These softly-lit autumn days, with their unexpected touch of warmth, are treasures. They inspire us to linger in cafés, crunch through dried leaves, or embrace the role of flaneur as the clock ticks toward winter.
Although we often get around Paris on the grève-prone RER, the subterranean web of metros, or the friendly buses (with stops so close to each other that you can see the next stop in the distance), we sometimes forget the scenic Batobus. The Seine "shuttle" gives us a unique, water-level view of the city and provides a stunning reminder of just how beautiful Paris can be.
The full Batobus circuit takes a little over an hour and offers an up-close-and-personal view of the under-bridge world and life on the quais. From the graphic architecture and stone-carved statuary of the 22 bridges to the intimate moments of people's lives that you view for that fleeting moment as you chug by, the trip is a true montage of Paris.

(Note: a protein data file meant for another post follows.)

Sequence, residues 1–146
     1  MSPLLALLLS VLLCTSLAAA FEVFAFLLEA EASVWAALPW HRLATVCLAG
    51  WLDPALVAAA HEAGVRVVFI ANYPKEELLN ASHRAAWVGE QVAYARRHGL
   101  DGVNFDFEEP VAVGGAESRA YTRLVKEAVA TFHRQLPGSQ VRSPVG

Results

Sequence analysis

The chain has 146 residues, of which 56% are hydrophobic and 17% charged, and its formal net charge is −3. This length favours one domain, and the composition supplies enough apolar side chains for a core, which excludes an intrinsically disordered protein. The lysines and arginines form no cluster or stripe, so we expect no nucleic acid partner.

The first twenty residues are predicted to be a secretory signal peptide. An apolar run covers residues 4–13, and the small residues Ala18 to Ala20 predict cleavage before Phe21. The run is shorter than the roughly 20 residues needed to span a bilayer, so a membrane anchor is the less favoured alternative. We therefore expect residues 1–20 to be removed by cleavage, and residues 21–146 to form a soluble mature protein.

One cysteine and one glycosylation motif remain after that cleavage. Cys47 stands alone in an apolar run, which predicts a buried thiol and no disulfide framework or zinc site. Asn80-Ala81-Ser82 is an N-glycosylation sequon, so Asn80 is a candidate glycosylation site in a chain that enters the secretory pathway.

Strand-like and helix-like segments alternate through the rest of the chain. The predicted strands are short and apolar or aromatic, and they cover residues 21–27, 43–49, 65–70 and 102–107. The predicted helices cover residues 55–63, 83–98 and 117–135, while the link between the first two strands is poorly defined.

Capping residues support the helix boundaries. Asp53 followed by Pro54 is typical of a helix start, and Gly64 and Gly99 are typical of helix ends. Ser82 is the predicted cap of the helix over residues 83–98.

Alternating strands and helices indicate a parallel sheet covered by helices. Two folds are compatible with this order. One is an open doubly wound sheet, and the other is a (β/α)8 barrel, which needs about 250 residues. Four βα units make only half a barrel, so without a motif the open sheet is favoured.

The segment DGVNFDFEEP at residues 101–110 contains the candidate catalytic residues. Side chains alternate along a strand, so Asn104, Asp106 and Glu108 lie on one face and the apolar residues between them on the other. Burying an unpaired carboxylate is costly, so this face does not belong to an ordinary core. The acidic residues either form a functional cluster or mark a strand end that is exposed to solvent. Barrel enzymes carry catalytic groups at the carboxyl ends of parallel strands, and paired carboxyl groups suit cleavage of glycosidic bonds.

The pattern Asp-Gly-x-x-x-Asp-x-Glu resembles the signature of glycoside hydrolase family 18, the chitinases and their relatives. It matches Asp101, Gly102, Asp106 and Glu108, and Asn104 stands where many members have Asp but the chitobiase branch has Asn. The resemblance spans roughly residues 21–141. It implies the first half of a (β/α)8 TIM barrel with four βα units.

The Batobus makes stops at eight key destinations (Hôtel de Ville, Louvre, Champs Elysées, Tour Eiffel, Musée d'Orsay, St Germain des Prés, Notre Dame, and Jardins des Plantes). You can "hop on and hop off" as often as you want during your one-day (14€), two-day (18€), five-day (21€), or yearly pass (60€).
|All Photos by Meredith Mullins|
There are six boats (trimarans) that "make port" every 17-35 minutes (frequency depends on the day and the season). Up to 200 passengers can ride under the glass enclosed space (heated in the winter) and on the open stern (called a "terrace" in the marketing materials). Nearly 2,000,000 passengers took to the Seine by Batobus in 2010 (with a record high one day of 14,000). So, hop on ... and see the world with a new fish-eye perspective.